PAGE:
As a volunteer at Sand Lake Elementary where her two children attend school, Victoria Triece has spent hours helping organize class parties and assist in lab assignments in her older son’s classroom, something she said she wanted to do ever since she became a mom.
“I always wanted to be involved in that aspect of life,” Triece said. “My mother did it for me and having her there was the best joy growing up.”
But the 30-year-old is no longer part of Orange County Public Schools’ ADDition volunteer program as of Oct. 13, after she was kicked off campus when an anonymous parent told higher-ups they found her page on OnlyFans, an adults-only site where subscribers pay creators to access explicit photos and video.
“It affected a parent who went and paid to see my content, but then they had to go send in these photos of me to the school and make me not be allowed to be around children anymore, which I’ve done and dedicated my life to for pretty much five years‚” Triece told reporters Thursday at the office of NeJame Law, where she’s being represented in a looming lawsuit. “I don’t know who was told what I do. And now I’m supposed to walk into the building and I don’t know what was said to my son’s teacher … I don’t know what’s been said about me to anyone at that school.”
According to a letter sent to OCPS on Wednesday, Triece was told she would no longer be allowed to volunteer at the school on Oct. 13, though lawyers Mark NeJame and John Zielinski said she never received a formal letter of that decision.
“She understands that there’s going to be a percentage of parents who are going to be get up into their moral arms and wag their discriminating finger at her and say, ‘We don’t want you around our children,’” NeJame said. “Well, they wouldn’t have known about it because she kept it away from the children. You can’t access her unless you’re an adult.”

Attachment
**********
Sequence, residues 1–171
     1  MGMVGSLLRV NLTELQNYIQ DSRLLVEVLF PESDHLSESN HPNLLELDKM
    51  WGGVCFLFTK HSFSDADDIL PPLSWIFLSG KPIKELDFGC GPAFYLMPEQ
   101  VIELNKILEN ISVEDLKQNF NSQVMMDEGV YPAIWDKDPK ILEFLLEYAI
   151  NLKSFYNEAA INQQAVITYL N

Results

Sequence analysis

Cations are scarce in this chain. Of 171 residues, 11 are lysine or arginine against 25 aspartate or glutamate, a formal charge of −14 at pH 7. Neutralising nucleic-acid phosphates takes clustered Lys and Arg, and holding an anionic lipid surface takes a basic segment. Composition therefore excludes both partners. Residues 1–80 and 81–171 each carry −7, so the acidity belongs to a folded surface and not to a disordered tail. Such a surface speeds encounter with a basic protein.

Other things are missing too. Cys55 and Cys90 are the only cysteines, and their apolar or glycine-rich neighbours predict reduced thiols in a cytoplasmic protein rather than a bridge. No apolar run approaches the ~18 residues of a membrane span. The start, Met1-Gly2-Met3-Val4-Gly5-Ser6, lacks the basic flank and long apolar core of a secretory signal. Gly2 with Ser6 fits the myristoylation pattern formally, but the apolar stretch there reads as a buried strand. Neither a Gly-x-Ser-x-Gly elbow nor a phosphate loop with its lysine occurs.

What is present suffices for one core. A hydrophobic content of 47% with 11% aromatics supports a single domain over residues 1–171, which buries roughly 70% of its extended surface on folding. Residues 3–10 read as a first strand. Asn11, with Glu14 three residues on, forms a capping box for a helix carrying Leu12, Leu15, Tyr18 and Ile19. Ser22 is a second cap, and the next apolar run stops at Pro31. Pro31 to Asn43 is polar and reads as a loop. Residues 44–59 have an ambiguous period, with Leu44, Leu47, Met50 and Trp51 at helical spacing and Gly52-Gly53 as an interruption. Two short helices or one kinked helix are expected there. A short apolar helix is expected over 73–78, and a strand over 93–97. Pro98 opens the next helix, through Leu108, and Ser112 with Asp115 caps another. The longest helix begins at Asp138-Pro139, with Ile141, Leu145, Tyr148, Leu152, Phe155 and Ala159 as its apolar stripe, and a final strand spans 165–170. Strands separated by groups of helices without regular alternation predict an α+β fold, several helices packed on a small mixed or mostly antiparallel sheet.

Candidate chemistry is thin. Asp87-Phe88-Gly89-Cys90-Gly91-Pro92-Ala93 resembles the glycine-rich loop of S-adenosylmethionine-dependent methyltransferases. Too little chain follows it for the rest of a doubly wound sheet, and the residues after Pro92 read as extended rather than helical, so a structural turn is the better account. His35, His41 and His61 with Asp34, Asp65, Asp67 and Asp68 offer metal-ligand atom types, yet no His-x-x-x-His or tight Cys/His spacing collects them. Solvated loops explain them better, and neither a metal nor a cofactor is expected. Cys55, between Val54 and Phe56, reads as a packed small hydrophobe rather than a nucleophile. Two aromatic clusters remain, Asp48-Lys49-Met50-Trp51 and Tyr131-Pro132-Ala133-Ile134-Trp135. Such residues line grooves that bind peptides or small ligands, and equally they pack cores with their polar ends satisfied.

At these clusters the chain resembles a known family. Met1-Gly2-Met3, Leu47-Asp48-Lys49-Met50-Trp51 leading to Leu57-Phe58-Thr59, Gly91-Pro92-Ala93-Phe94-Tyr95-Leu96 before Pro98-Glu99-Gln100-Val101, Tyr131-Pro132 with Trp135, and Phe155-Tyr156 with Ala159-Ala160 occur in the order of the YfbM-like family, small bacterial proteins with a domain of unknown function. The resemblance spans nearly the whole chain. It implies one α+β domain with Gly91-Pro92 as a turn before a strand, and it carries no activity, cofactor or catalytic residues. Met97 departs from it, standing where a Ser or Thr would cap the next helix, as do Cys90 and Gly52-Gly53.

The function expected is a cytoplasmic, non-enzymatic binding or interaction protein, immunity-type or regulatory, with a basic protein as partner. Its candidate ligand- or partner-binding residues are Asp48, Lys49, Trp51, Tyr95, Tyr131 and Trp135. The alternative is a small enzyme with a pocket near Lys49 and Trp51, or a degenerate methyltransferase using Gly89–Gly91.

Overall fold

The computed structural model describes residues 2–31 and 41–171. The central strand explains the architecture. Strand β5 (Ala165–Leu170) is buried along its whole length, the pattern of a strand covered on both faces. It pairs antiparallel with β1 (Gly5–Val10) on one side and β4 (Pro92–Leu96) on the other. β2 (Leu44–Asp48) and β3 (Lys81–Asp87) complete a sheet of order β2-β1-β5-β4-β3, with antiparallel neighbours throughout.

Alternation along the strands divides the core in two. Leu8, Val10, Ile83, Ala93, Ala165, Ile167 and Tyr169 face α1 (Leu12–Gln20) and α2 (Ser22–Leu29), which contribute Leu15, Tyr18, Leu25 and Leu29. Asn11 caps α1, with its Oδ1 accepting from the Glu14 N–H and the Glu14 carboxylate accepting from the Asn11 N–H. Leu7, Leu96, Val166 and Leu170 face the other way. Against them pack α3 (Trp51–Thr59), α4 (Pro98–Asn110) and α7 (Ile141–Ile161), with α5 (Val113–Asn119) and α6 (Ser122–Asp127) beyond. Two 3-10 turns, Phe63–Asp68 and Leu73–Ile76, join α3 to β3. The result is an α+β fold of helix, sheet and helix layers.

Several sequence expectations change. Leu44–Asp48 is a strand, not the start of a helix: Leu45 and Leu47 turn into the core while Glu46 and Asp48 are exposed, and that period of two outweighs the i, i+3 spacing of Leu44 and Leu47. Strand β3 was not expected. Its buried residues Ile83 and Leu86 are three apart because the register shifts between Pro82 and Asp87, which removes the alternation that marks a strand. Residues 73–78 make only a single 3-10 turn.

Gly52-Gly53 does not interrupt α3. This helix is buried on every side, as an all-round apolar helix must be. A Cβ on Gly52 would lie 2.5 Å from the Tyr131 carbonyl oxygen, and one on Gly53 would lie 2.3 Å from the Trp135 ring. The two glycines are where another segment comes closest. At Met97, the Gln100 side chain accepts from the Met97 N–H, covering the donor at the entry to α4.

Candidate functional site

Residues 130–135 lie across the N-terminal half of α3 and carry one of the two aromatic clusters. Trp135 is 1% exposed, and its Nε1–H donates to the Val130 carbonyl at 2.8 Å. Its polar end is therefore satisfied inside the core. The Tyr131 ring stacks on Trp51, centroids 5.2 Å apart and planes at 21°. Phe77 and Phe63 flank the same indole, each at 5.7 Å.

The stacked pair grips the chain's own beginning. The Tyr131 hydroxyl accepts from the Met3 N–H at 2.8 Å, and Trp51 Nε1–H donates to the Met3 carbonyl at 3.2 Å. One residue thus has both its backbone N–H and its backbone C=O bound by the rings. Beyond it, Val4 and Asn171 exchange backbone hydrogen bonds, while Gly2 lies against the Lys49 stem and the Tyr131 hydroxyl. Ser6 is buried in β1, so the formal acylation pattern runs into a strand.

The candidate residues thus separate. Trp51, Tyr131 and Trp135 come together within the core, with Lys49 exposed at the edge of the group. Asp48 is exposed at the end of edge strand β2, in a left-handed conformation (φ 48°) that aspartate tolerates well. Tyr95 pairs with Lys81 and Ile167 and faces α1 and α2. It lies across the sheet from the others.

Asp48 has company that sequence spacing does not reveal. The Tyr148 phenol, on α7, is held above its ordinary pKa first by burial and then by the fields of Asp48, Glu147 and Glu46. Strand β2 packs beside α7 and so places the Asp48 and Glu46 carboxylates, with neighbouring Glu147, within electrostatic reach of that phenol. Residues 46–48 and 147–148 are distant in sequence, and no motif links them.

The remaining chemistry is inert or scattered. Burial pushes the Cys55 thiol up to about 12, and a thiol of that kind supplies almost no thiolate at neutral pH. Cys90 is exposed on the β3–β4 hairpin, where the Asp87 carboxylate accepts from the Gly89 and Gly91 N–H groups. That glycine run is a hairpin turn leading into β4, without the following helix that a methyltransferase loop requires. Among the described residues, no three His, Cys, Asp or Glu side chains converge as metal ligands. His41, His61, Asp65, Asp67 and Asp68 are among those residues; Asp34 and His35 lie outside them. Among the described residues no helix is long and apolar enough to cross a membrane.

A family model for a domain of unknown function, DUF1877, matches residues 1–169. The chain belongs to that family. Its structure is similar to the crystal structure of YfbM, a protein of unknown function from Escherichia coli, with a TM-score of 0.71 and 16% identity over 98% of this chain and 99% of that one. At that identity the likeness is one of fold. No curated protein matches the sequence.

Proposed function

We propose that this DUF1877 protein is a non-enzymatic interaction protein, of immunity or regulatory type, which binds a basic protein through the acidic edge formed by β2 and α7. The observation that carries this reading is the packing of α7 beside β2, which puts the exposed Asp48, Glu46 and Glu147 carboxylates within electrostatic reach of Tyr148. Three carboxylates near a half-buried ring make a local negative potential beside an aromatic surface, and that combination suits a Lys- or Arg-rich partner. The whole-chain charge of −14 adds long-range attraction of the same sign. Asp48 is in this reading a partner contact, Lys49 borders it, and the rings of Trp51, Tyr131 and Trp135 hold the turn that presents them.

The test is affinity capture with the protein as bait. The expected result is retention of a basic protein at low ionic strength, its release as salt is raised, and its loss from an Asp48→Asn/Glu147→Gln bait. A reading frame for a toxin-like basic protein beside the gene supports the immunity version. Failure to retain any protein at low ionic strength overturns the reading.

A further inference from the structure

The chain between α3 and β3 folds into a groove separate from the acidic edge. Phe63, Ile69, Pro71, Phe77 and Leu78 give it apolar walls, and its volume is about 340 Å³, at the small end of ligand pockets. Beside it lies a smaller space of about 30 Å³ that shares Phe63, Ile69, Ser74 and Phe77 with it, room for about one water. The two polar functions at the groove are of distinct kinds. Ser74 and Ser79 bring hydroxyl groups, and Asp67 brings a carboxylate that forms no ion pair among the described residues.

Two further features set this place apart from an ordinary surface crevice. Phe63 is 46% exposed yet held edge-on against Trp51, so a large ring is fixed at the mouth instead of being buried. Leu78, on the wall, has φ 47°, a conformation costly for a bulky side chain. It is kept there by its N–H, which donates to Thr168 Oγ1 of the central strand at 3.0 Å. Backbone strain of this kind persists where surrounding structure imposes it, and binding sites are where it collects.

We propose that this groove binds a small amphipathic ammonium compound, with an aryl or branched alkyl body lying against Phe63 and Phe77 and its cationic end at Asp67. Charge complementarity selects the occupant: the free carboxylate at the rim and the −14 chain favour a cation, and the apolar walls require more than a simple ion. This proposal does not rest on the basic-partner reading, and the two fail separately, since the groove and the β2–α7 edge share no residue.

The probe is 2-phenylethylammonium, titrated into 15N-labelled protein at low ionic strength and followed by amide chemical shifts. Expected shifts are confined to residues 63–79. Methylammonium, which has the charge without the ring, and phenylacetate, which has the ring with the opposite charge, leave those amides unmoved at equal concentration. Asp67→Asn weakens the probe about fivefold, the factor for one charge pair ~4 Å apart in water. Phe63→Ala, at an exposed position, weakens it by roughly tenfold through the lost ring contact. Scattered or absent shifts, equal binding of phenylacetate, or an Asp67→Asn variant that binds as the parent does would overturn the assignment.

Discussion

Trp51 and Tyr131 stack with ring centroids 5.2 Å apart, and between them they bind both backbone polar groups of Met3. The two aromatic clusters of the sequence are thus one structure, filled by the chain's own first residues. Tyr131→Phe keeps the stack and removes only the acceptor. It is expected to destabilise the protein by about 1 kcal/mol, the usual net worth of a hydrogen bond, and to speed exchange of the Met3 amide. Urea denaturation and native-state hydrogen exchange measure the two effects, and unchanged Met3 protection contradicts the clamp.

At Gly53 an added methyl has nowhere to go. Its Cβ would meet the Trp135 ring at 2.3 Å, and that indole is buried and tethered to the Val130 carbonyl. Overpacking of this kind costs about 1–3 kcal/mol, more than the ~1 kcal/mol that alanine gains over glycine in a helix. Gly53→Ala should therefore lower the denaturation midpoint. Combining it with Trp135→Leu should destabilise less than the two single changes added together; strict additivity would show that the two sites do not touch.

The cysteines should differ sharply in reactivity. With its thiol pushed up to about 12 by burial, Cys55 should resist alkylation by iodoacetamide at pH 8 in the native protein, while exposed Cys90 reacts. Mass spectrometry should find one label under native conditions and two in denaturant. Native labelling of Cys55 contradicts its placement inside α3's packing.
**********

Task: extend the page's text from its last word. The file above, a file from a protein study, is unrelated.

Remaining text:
Triece said she had been on OnlyFans for more than two years before she was reported and that her work wasn’t a secret. Her public Twitter account, which features less explicit photos and links to the adult site, was created in 2016.
OCPS spokesperson Michael Ollendorff declined to comment on the letter or Triece’s volunteer record or her dismissal, citing “potential, pending or ongoing litigation.” But he pointed to several documents detailing guidelines for ADDition volunteers, none of which explicitly govern what volunteers do off-campus.
While volunteering, Triece said she dresses appropriately and has a good rapport with teachers and parents at Sand Lake Elementary. One parent, who heard about her dismissal, referred her to NeJame Law, which is seeking $1 million in damages from the school district.
Other parents have also reached out to show their support in recent weeks, Triece added.
“One minute of my job a day is not my whole life, it’s not my life of being a mom or being a parent,” she said. “I think everybody’s just floored because they’re like, ‘We know you, we know who you are.’”
The incident isn’t the first where online sex workers were shamed after being publicly outed for their labor. In February, Crystal Jackson told reporters that her children were expelled from a Catholic school in Sacramento, Calif., after a “mean mom” found her content.
And in 2018, California mother’s sex work was being used in a custody battle by her ex-boyfriend, though she later won, reported In These Times.
Though no longer allowed to be a volunteer, Triece’s lawyers said they were told by OCPS prior to Thursday’s press conference that she would be allowed to chaperone field trips but would not be allowed on campus as a volunteer.